UN Secretary Ban Ki-moon announced that three of the 2015 Millennium Development Goals have been achieved three years ahead of schedule; those in regards to poverty, slums, and water.  The levels of drinkable water have increased drastically due to environmental initiatives to clean up required water sources. The portion of people with access to clean water has now risen to 89%, up from 76% in 1990.

The 2012 London Olympic Summer Games brought athletes, dignitaries, and supporters from all over the world. The Games were hailed as the “greenest ever” due to sustainability efforts in place. The Olympic Games required 35 million kilowatt hours of energy to run, the same amount of electricity required to power a city of 150,000 for a year. Energy requirements were able to be reduced by 20% and the Games achieved their goal of zero waste to landfills and over 70% of waste being re-used, recycled, or composted.

Arctic sea ice shrank to its lowest levels ever recorded. At the time of recording, it was not even finished as it shrunk an additional 500,000 sq. km beyond this point. Scientists have begun to push even more adamantly for climate control conditions as there were no erroneous weather patterns or unusual conditions that could explain the drastic shift other than unprecedented climate change.

The United Nations Biodiversity Conference and its member states pledged to double the amount of resources available for biodiversity protection by 2015. Among areas queued for special protection are the Saragasso Sea, the Tonga archipelago, and certain coral sites off the Brazilian coast. The conference also created new measures for how to gauge levels of biodiversity protection. India, the country with the second highest population and many areas in need of biodiversity protection, was targeted to lead the Strategic Plan for Biodiversity for the next two years.

The United States Presidential election occurred with Barack Obama winning a second term. His first term included executive orders that increased fuel efficiency standards for vehicles and regulatory initiatives to control air pollution from coal power plants. The second term looks to be more of the same. Obama’s victory speech stated a goal to be “free from foreign oil,” a long-standing desire of both political parties. To make this desire closer to a reality, President Obama has outlined a plan that includes increasing shale gas output and tax credits for alternative energy projects. Other initiatives that have been discussed are a carbon tax and ending subsidies corporations that extract, refine, and distribute fossil fuels; however, these two may be difficult as the Republican controlled Congress has spoken out against them.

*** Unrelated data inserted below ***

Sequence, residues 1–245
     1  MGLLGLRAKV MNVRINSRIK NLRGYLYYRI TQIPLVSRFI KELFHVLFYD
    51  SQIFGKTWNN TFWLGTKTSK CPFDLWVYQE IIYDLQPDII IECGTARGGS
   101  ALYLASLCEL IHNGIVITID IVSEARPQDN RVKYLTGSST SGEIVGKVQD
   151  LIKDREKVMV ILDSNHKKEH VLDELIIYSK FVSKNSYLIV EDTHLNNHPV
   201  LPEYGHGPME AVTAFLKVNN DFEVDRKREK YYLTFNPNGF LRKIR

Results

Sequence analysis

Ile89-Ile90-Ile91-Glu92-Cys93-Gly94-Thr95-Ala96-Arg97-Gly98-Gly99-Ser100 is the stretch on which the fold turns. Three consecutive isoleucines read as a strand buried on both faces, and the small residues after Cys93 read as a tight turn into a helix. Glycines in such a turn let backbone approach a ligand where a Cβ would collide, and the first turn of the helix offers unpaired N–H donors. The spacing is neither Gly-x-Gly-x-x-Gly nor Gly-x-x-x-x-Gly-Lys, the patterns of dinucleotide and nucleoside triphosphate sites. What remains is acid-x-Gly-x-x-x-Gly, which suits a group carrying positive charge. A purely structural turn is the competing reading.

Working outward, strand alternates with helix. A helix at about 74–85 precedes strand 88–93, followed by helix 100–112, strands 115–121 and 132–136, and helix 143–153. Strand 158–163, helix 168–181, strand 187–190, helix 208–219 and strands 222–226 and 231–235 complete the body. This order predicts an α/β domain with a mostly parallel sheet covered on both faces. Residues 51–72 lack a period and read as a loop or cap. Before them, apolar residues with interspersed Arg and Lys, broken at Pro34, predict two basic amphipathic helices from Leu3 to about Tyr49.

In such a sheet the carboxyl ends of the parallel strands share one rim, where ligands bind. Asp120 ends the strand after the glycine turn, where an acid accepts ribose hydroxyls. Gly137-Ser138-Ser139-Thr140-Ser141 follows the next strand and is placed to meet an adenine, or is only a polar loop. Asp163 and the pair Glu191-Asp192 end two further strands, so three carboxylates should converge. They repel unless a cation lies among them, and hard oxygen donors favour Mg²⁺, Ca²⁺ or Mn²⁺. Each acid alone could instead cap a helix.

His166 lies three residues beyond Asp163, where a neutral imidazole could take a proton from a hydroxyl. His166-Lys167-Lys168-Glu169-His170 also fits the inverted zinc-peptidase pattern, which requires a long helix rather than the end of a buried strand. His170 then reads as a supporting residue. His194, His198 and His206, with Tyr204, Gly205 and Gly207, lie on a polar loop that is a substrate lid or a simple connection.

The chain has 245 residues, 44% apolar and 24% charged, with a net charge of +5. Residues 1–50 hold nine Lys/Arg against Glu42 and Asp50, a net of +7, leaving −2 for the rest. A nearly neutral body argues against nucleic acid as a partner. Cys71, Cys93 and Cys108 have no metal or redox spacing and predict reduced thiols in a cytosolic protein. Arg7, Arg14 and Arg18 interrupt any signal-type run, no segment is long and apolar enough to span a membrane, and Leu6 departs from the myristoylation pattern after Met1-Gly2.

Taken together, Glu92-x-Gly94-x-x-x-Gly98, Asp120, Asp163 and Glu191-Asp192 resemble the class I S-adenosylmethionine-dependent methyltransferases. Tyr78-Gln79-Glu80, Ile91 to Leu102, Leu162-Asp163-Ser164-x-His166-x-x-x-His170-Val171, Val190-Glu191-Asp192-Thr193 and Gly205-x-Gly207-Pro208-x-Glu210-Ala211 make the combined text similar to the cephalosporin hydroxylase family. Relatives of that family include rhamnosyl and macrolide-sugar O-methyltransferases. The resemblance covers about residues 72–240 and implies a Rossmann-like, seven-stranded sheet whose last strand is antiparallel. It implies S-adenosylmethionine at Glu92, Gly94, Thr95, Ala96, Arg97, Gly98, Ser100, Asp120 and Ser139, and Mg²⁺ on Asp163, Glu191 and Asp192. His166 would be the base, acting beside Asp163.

Canada became the first nation to formally pull out of the Kyoto Protocol. The Kyoto Protocol was originally passed in 1997 and asked for developed nations to reduce their carbon emissions by 5% lower than 1990 levels, which was to occur by 2012. Canada’s withdrawal from the Kyoto Protocol occurred as recent polls showed Canadians in favour of British Columbia’s new carbon tax and with the majority stating that the Canadian government should be showing leadership on environmental issues.

This past year can be marked as one of transition; the majority of people are seeing a world worth protecting and finally, governments are slowly coming to the same realization. While some governments are more proactive than others, the shift has been noticeable, from small municipalities right up to the United Nations.

It is important to note that not all of these stories were able drastic change or new technologies that will change the world; they are about perceptions, how people are changing the way they think. The swell of people from around the world who are demanding global action for a better and greener future and beginning are showing their influence and governments are beginning to realize the economic value of environmentalism. We hope that you continue to join us in 2013 to see what the New Year brings for environmental action, green technology, and global awareness!